On February 25, 2020, the video game industry lost Kazuhisa Hashimoto. While many aren’t familiar with the name, they are familiar with his contribution to the industry.

Hashimoto worked as a programmer and producer for Konami from the late ‘80s to the early 2000s. During his time with Konami, Hashimoto worked on the likes of Track & Field, The Goonies, and Gradius.

Despite being a key figure during Konami’s early days in game development, Hashimoto’s greatest contribution to video games came in the form of a simple string of inputs: up, up, down, down, left, right, left, right, B, A. Known as the Konami Code, this string of inputs was first used to test the NES port of Gradius before going on to be used in future games — not all made by Konami.

In honor of Hashimoto’s passing, let’s take a look at the coolest uses of the Konami Code in and out of video games.


We can’t have a rundown of the coolest uses of the Konami Code without highlighting the most famous use.

Back in the late ‘80s, Contra was infamous for its difficulty. You needed ungodly hand-eye coordination to get through the game with the default three lives provided.

Fortunately for those without inhuman reflexes, entering the Konami Code at Contra’s title screen would gift them 30 lives. The surplus of lives gave players, either on their own or with a co-op partner, a fighting chance or just enough lives to survive the first level.

Gradius III

Normally, entering the Konami Code into the Gradius games would give the player’s Vic Viper access to all power-ups. However, that doesn’t happen when entering the code into Gradius III. The tricksters on Gradius III’s development team made the code instantly kill those who dare enter it.

Despite this cruel prank, there is a way to unlock all power-ups. Players just need to replace the left and right inputs of the Konami Code with the SNES’s L and R buttons.

Castlevania: Harmony of Dissonance

Over the years, the Konami Code has been in a handful of Castlevanias. From showing a special message to unlocking a secret minigame, the effects of the code vary from game to game.

The coolest use of the code found in the Castlevania series can be found in the often-overlooked Harmony of Dissonance.

If you enter the code when the Konami logo appears and choose Boss Rush Mode from the main menu, you will get to play as the 8-bit Simon Belmont from the first Castlevania. Simon plays exactly as he did in the NES original, which will make things harder for those used to Juste Belmont’s smooth movements. Despite the limited movement, Simon hits much harder than his descendant.


While the Konami Code has found its way into countless games, its appearances outside of video games show the code’s endurance in popular culture. Even if the code is used in some silly situations.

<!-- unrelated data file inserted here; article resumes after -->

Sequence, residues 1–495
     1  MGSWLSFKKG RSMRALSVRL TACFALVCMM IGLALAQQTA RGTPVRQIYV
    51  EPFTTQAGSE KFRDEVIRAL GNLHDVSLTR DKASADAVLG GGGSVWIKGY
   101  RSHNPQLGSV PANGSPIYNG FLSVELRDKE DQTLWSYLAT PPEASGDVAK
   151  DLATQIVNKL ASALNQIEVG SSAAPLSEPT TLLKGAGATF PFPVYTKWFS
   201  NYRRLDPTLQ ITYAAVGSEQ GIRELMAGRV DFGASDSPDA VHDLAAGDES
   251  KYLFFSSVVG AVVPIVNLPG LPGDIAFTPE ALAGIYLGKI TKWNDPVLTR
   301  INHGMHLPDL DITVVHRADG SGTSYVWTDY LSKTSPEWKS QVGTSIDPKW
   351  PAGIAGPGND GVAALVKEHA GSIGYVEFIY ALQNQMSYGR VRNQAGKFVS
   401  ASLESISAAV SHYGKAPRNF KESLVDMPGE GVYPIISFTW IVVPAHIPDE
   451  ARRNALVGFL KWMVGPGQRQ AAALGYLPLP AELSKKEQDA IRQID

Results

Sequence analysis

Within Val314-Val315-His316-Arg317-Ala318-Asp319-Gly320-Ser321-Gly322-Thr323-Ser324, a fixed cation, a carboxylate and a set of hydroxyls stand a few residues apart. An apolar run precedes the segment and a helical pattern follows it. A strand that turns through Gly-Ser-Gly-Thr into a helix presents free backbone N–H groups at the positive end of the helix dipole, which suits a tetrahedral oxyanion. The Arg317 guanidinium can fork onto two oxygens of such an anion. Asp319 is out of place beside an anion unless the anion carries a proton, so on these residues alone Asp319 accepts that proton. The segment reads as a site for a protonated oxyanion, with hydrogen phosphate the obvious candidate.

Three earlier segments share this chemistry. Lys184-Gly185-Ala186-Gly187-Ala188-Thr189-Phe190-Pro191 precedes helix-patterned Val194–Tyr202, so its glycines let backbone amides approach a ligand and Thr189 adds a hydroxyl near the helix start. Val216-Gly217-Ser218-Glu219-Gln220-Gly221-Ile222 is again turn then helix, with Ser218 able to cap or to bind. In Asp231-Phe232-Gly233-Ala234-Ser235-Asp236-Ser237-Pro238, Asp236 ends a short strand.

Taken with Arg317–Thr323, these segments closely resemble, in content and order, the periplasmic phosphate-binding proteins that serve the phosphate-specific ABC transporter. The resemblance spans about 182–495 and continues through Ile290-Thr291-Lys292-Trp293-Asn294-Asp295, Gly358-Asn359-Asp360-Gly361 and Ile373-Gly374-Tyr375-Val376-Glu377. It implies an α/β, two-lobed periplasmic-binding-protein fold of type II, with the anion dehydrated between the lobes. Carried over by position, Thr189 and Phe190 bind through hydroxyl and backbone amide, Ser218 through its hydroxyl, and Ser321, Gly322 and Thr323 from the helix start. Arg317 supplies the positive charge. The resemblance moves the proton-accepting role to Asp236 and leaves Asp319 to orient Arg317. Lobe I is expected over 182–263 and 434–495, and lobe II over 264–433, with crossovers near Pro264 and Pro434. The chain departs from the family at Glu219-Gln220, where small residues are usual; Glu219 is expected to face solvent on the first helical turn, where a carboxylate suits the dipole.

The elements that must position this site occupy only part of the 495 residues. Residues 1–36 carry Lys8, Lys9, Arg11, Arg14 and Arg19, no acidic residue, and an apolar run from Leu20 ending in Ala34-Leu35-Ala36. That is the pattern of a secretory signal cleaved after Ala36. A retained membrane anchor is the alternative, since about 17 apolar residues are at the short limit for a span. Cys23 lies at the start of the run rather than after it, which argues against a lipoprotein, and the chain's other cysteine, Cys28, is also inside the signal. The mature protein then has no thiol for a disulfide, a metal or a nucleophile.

On April 27, 2009, gaming site Kotaku received a tip that entering the Konami Code on ESPN.com would lead to some magical results. After entering the code, images of ponies covered the page, all while changing the text into Comic Sans.

Sadly, this cute redesign of ESPN.com did not last long. Later in the day, the code ceased to work.

Scott Pilgrim vs. the World: The Game

Be it the original graphic novels or the movie adaptation, Scott Pilgrim is filled to the brim with video game references. So, when Ubisoft made a game to coincide with the release of the movie, there was no doubt that it would follow suit.

In Scott Pilgrim vs. the World: The Game, players can enter the Konami Code at any time to make their brawler explode into a pile of Canadian $2 coins. Although this may seem like a waste of a life when playing solo, some enterprising players have used the code to make money fast when playing co-op.

Bank of Canada

The Konami Code seems to have a thing for Canada’s currency.

For Canada’s 150th birthday, the Bank of Canada introduced a brand-new $10 bill to commemorate the country’s history. However, hidden on the webpage describing the bill is a patriotic treat. Inputting the Konami Code will cause a synthesized version of the Canadian national anthem to play as miniature $10 bills rain down the page like confetti.

In all honesty, there is no better way to celebrate the birth of a country.

Zone of the Enders 2: The Second Runner

Despite Hideo Kojima’s best efforts, Zone of the Enders never caught on like Konami’s other franchises. Despite those failings, Zone of the Enders — specifically Zone of the Enders 2: The Second Runner — can lay claim to the coolest use of the Konami Code. One that honors the game which gave birth to said code.

If the player enters the Konami Code during the Vic Viper boss fight, they will unlock the hidden game Zoradius. Zoradius is a 3D tribute to the original Gradius. This one level game has players blasting waves of enemies and collecting power-ups much like the game it honors.